Brian Gillespie got this 174-lb. sow bear on the Bear Creek Hunting Club in Twiggs County. His son Camden is in the background.

Another bear was taken, but when Georgia DNR Rangers Jason Bennet and Erin McDade questioned the hunter about the circumstances of the kill, it was determined that the bear was taken illegally over bait. The bear was confiscated and delivered to Georgia’s Best Deer Processing in Byron, where it will later be donated to the Hunters for the Hungry Program. The hunter said he was unaware that you could not legally bear hunt within 200 yards of bait. Rangers strictly enforce this regulation, thus if you kill a bear on this hunt, you can be helpful by providing a GPS location of the kill site, and you may be asked to escort rangers to that location.

Georgia DNR Biologist Bobby Bond says that the middle Georgia bear population, estimated to be around 300 bears, is probably the smallest bear population where hunting is allowed in the USA. Prior research has determined that no more than 11 bears sows should be taken from the population in any single year in middle Georgia or the population could decline. This 11-bear sow loss includes all sow losses, whether from hunter harvest, road-kills or other loses.

While this writer was at the Oaky Woods WMA check station for the bear hunt, I told Area Manager Tommy Shover that a rabbit hunting friend, Bill Bethune, of Monroe County, had run across a recently killed bear on Ocmulgee WMA across the river from Oaky Woods. He wanted to know exactly where the dead bear was located, and we were able to provide that information. Shover was later able to locate the carcass. The bear will count in the loses for 2020. Shover guessed that a deer hunter failed to carefully check his target and probably thought it was a wild pig. Realizing his mistake too late, and facing a large fine, the hunter left the bear in the woods. Shover recommends that all hunters carefully identify their targets before they pull the trigger. If you run across a dead bear in middle Georgia, report it to the Fort Valley WRD office at 478.825.6354.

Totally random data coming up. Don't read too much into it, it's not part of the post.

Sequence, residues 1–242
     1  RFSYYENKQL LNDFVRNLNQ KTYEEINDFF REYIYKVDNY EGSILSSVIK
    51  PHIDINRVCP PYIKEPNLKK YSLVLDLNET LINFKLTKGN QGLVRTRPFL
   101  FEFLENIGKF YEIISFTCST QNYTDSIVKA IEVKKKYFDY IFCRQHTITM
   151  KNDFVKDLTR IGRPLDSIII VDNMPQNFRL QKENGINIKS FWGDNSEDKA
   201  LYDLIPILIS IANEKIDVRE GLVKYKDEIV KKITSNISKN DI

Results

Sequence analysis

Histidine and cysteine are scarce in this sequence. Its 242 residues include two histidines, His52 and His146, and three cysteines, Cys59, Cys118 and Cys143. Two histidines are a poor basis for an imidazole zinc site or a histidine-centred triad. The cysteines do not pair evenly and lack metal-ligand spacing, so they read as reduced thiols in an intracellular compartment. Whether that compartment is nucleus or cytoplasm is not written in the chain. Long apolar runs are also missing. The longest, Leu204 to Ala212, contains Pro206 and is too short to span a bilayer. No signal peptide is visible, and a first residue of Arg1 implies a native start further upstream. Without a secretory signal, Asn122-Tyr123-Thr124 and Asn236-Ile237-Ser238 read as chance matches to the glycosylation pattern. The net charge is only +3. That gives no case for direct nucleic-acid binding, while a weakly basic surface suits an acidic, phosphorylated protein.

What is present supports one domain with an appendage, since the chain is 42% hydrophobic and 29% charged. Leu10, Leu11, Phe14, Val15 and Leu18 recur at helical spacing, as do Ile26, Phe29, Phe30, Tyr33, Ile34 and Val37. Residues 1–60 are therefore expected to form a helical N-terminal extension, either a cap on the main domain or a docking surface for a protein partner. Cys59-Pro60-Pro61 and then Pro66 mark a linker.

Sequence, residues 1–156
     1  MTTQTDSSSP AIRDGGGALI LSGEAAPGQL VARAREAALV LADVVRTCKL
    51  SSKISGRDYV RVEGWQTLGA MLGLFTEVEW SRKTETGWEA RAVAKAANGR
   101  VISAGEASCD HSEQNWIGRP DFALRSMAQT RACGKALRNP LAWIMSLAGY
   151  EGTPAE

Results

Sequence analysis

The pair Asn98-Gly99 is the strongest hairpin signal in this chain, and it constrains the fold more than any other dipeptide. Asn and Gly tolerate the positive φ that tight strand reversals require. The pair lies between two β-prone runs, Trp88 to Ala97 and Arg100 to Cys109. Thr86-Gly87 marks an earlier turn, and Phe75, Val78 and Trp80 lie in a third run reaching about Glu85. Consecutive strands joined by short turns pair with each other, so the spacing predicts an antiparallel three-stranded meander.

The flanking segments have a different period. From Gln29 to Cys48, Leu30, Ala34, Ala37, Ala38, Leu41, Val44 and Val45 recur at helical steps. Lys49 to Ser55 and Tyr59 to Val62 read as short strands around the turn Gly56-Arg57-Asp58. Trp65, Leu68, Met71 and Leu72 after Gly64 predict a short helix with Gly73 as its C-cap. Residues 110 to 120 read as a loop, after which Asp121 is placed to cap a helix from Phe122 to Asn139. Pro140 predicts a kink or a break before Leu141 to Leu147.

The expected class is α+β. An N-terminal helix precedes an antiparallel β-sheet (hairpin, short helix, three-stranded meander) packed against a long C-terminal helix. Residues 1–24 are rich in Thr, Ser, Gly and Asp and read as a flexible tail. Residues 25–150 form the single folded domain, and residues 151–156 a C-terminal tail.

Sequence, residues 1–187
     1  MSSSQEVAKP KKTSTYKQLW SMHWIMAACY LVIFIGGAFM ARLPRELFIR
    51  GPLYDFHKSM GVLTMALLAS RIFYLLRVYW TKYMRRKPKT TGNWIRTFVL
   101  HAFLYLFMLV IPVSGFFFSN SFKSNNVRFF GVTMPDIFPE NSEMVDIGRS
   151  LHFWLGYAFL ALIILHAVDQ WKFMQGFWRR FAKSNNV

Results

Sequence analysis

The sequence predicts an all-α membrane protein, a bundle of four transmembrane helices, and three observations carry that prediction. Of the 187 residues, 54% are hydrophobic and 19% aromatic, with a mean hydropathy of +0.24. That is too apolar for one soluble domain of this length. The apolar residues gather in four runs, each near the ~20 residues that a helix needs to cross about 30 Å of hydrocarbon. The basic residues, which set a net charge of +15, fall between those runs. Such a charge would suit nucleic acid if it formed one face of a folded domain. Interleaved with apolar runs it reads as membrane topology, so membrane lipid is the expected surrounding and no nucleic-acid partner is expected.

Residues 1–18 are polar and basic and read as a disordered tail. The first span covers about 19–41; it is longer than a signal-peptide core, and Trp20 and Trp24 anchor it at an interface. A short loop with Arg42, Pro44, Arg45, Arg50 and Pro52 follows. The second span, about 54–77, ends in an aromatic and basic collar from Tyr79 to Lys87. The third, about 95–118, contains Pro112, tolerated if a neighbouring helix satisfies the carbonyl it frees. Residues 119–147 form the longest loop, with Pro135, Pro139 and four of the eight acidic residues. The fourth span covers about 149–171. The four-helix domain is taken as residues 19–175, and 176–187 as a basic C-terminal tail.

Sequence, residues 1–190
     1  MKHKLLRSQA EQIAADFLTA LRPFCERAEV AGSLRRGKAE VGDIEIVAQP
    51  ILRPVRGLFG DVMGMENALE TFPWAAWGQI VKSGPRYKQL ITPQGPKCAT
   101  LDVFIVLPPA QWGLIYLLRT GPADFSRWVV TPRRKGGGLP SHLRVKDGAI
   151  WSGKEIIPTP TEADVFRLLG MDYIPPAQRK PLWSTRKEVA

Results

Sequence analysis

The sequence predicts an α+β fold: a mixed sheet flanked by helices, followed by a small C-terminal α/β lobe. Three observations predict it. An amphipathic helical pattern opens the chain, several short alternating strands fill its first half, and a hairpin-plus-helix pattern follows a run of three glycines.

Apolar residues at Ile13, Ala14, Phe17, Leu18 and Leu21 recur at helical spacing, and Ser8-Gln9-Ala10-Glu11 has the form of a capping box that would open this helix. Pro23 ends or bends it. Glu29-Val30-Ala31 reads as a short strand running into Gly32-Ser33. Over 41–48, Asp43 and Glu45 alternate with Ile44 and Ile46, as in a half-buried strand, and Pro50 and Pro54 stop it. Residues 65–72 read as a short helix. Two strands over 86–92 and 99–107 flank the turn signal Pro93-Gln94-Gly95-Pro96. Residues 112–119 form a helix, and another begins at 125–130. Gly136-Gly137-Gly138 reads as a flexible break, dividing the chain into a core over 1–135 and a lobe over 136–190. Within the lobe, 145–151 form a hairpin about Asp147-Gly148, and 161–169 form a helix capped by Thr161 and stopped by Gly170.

In 2020, there have been 10 road-kills in middle Georgia, and eight of those were males, one female and one of unknown sex. With one road-kill sow and seven taken during the one-day hunt, Bond says the population should be fine for now, but WRD will continue to monitor the bear population.

The one-day middle Georgia hunt has seen changes since it started in 2011. The initial hunt took place in mid November, and 34 bears were killed.

Due to concerns about the high harvest of female bears, the hunt was moved to December. Sow bears are the driving force of the population, especially in a small population, as bears don’t normally breed until they are 3 years old, and a sow will stay with her cubs for two years.

Numbers of dead bears since moving the hunts to colder weeks have been 2012 (14), 2013 (1), 2014 (5), 2015 (12), 2016 (10) 2017 (GON not able to reach WRD when this article was published), 2018 (2), 2019 (0) and 2020 (7).

Check out WRD’s Management Plan For Bears in Georgia that covers north, middle and south Georgia populations. The 2021 middle Georgia bear hunt dates have not yet been set, but it’s expected to be mid to late December 2021.

Brian Osborn, of Dublin, with his 175-lb. sow bear from Twiggs County.